LOGUE, J. (concurring). I concur in the majority opinion receding from Shop in the Grove, Ltd. v. Union Fed. Sav. & Loan Ass’n of Miami, 425 So. 2d 1138 (Fla. 3d DCA 1982). I write only to point out that we are adopting almost word-for-word the legal interpretation of section 362(a)(1) of the United States Bankruptcy Code put forward some forty years ago by Judge Wilkie D. Ferguson, Jr. of our Court in his dissent. Shop in the Grove concerned the issue of whether an appeal by a debtor of an adverse judgment qualified as a “continuation . . . of a judicial . . . proceeding against the debtor” under the Bankruptcy Code and therefore automatically stayed. The majority in Shop in the Grove held it was not. Judge Ferguson dissented, writing: . . . The requirement imposed upon an appellant-debtor by the majority to “fish or cut bait” translates into a Hobson’s choice between waiver of bankruptcy for the purpose of an appeal from the adverse judgment or conceding the contested debt in order to seek relief in the bankruptcy court. I am aware of no rule of bankruptcy law or federal procedure that would require such an election. In my opinion the appeal by the appellant-debtor from a judgment against it is a continuation of the judicial proceeding against debtor, clearly within the purview of the Act’s automatic stay provision. Id. at 1140 (Ferguson, J. dissenting). When Judge Ferguson issued his dissent in 1982, the “new” form of the Bankruptcy Code was only four years old. Over the ensuing decades, as the majority points out, every state and federal court that considered the issue reached the interpretation first put forward by Judge Ferguson. The judgment of this soft spoken, scholarly, and insightful jurist has stood the test of time on this highly technical issue of commercial law, as it has in so many matters reaching to civil rights and constitutional law.

Although known for his gracious good will and punctilious courtesy, Judge Ferguson did not hesitate to chide lawyers and even colleagues for indulging in cant or legal obscurities.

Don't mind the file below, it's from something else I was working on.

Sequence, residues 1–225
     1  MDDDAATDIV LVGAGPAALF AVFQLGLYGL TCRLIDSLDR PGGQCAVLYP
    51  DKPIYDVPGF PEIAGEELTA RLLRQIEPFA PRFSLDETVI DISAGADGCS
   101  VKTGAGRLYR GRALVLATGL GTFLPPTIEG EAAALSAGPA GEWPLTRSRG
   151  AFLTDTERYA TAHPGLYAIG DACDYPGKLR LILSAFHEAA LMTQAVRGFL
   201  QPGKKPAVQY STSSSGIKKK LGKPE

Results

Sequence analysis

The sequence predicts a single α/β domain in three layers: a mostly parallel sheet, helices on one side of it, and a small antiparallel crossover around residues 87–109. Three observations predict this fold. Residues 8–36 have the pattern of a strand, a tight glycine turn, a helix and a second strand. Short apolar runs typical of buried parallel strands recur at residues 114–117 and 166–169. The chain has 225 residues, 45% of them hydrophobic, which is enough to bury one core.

[Rumpole notes we will not again make such a mistake when referring to Due Process]:  See, e.g., Cramer, 33 F. Supp. 2d at 1352, n.4 (“In discussing the notice issue the parties have used the term ‘procedural due process’ which I shun because it is, as one commentator observed, redundant. John Hart Ely, Democracy and Distrust 18 (1980). The word following ‘Due’ in the Fourteenth Amendment is ‘Process’ the writer notes, which is the same as procedure. Process is defined as a ‘normal course of procedure.’ Black’s Law Dictionary 1205 (6th Ed. 1992). By the same token, he continues, ‘substantive due process’ is a contradiction in terms. A right in the constitutional sense, generally, is either substantive or procedural. Writers who use substantive or procedural to describe due process appear trapped and the work product may lack clarity. There is no doubt that this discourse on advance notice and opportunity to be heard is about procedural fairness. Saying it twice is unnecessary.”).

Judge Ferguson was born in 1938 to Bahamian immigrants and was raised in Miami’s Liberty Square public housing project. He joined the U.S. Army and rose to the rank of captain. He obtained his B.A. from Florida A&M University and his J.D. from Howard University School of Law. He served on this Court from 1980 to 1993 until he was appointed to the federal district court for the Southern District of Florida where he served with distinction until shortly before his death in 2003. The Congress of the United States named the federal courthouse in Miami in his honor. As this case comes full circle, and we adopt the position first advocated by Judge Ferguson almost forty years ago, I think it is fit and proper to bear in mind we are following in the footsteps of this distinguished, past member of our conference.

Well said Judge Logue. And thank you.